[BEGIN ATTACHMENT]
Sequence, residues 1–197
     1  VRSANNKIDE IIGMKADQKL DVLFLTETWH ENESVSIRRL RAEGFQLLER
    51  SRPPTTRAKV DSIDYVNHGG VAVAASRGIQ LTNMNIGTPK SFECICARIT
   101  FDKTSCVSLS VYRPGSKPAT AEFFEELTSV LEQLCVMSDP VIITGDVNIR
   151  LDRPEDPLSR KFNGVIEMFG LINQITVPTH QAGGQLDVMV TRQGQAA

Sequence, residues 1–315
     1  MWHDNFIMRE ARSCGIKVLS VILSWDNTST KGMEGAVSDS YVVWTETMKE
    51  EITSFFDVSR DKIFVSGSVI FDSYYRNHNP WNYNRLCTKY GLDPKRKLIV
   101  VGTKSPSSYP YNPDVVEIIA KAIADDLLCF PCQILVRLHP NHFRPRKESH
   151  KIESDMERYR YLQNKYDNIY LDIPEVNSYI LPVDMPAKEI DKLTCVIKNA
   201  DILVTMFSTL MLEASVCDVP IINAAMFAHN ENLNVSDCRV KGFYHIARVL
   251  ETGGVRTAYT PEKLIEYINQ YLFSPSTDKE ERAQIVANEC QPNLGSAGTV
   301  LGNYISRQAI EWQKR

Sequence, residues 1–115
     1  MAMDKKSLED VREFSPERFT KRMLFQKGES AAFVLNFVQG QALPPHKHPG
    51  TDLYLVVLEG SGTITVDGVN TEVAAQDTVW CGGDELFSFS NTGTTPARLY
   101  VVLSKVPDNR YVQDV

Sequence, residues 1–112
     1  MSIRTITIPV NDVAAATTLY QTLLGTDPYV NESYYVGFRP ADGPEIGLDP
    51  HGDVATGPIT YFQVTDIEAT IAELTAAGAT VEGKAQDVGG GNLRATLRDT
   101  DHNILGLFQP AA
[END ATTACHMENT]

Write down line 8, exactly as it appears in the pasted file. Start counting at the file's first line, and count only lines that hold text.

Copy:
    51  EITSFFDVSR DKIFVSGSVI FDSYYRNHNP WNYNRLCTKY GLDPKRKLIV